Black Comic Book Heroes Topic of Talk on Feb. 22

It’s Clobbering Time! Comic Books and Creating the Idea of Black Masculinity
Lecture by Randall Kenan

Monday, Feb. 22, 2010
5 p.m. Reception and viewing of the exhibit Popular Culture in Print
5:45 p.m. Program
Wilson Special Collections Library
Free and open to the public
Information: Liza Terll, Friends of the Library, liza_terll@unc.edu, (919) 962-4207
Randall Kenan, associate professor of English at UNC, will provide a look at African American comic book heroes in a free public lecture Feb. 22 at 5:45 p.m. in Wilson Library.
In “It’s Clobbering Time! Comic Books and Creating the Idea of Black Masculinity,” Kenan will discuss African American superheroes in the comic books he read as a youth. He will focus on the way he viewed their presentation of both race and masculinity and their impact on his own writing.
“Comic books come up a lot in my work via the characters and their interests,” said Kenan.
Kenan’s most recent book is The Fire This Time, a nonfiction look at race in contemporary America. His 1992 collection of stories, Let the Dead Bury Their Dead, was nominated for the Los Angeles Times Book Award for Fiction, a finalist for the National Book Critics Circle Award and among The New York Times Notable Books of 1992.
He has received a Guggenheim Fellowship, a Whiting Writers Award, the Sherwood Anderson Award and the John Dos Passos Award. Kenan also was the 1997 Rome Prize winner from the American Academy of Arts and Letters. He was awarded the North Carolina Award for Literature in 2005.
Kenan’s talk coincides with the opening of the exhibit Popular Culture in Print, on view in the Melba Remig Saltarelli Exhibit Room of Wilson Library Feb. 22 through May 31. Contact the Rare Book Collection for exhibit information.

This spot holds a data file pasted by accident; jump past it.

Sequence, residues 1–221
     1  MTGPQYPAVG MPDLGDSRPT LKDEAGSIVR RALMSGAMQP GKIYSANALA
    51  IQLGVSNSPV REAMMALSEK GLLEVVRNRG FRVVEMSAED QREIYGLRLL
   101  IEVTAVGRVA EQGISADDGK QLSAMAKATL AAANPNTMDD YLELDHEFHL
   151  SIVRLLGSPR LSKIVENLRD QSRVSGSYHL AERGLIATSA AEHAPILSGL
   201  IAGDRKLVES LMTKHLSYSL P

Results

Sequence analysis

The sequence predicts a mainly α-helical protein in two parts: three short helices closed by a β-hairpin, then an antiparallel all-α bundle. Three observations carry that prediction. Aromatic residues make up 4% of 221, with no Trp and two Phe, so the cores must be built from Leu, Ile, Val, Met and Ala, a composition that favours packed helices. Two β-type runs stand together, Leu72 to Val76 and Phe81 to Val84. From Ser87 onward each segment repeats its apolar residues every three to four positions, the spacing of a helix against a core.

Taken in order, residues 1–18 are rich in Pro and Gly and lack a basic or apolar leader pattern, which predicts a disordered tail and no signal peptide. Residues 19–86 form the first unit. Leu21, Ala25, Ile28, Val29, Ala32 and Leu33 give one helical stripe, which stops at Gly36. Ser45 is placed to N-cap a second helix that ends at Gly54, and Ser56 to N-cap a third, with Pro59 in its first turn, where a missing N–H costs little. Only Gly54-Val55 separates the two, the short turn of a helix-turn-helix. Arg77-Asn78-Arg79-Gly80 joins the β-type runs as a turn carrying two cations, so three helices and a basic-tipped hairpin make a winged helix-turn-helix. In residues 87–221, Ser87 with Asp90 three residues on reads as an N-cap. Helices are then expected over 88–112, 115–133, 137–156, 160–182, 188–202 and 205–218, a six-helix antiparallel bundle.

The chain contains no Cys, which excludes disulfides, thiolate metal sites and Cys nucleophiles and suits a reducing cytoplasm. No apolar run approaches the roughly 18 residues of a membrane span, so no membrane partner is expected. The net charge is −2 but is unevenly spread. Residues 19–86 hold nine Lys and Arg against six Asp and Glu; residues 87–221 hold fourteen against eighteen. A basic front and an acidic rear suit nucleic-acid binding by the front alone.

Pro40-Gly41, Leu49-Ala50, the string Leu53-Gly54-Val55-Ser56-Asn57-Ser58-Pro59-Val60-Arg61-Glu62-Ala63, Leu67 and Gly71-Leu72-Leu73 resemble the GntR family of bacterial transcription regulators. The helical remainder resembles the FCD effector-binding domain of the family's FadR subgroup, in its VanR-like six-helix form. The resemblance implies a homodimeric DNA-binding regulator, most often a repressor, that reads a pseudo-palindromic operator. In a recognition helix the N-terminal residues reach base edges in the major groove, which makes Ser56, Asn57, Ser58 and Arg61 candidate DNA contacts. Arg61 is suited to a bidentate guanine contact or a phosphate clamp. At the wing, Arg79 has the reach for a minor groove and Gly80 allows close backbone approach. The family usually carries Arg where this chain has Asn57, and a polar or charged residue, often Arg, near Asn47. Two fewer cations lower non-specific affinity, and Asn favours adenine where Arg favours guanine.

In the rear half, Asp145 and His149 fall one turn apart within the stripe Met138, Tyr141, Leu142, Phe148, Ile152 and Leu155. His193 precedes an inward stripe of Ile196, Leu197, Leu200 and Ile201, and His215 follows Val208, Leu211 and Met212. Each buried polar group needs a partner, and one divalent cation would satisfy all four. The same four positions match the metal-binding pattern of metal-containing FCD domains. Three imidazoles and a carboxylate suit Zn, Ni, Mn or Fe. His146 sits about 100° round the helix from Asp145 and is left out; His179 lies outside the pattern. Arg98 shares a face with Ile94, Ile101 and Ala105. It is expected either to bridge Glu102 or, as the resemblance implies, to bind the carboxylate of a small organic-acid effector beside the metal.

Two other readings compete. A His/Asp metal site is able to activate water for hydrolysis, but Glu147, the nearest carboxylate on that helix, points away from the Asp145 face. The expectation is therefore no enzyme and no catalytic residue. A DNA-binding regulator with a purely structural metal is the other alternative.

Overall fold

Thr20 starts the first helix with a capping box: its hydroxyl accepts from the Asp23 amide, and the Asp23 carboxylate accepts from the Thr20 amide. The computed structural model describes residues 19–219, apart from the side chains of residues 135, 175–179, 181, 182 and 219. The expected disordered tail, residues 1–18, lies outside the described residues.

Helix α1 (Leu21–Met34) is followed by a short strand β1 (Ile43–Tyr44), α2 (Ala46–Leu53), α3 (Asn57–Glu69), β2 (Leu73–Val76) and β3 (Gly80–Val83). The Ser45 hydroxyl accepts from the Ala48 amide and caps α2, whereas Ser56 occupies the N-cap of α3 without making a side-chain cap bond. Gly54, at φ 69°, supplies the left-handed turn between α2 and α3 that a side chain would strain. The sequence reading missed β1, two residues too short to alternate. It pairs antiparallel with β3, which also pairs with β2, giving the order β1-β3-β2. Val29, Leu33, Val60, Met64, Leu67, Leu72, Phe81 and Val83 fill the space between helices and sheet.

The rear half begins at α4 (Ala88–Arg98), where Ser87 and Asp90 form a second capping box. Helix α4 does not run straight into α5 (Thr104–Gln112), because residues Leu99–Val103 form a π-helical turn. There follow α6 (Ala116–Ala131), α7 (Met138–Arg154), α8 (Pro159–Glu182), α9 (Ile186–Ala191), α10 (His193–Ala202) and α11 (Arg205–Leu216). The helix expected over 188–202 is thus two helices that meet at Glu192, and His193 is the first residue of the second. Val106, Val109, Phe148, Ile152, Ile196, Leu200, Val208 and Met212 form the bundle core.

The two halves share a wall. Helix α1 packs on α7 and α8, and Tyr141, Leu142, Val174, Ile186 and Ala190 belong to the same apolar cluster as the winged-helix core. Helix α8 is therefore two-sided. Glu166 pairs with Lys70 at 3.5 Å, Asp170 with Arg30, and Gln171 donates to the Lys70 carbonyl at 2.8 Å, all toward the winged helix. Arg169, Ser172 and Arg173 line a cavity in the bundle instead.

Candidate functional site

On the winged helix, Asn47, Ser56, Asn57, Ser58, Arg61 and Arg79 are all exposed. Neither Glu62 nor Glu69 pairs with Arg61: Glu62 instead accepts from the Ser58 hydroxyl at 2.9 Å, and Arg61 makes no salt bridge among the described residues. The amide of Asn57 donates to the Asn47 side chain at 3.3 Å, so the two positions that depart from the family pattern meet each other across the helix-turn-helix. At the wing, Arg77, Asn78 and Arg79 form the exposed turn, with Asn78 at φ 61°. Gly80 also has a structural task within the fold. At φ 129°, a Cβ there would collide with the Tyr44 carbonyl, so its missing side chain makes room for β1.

Unknown Origins of the March on Washington: Civil Rights Politics & the Black Working Class

Presented by the History Department of the University of North Carolina at Chapel Hill
Featured Speaker:
Dr. William P. Jones
University of Wisconsin-Madison
Associate Professor, History
About William P. Jones:
Jones is a historian of the 20th century US with a particular interest in race, class and work.
February 17th, 2010
Hitchcock Multipurpose Room
Sonya Haynes Stone Center
7:00 PM
Free & Open to the Public
Reception & Book Signing Following Talk
Sponsored by the Sonja Haynes Stone Center, UNC School of Law, Office of Diversity and Multicultural Affairs through the Diversity Incentive Fund, and the Johnston Center for Undergraduate Excellence.

African American Resources in the Southern Historical Collection

Holly Smith, Overholser Archival Fellow for African American Studies, will discuss manuscript collections in the SHC that relate to African American history and culture, as well as the SHC’s 2009-2010 Documenting the African American Southern Experience Initiative.
Wednesday, January 27
2:00 PM – 3:00 PM
Pleasants Family Room
Wilson Library
Sponsored by the University Library Staff Development Committee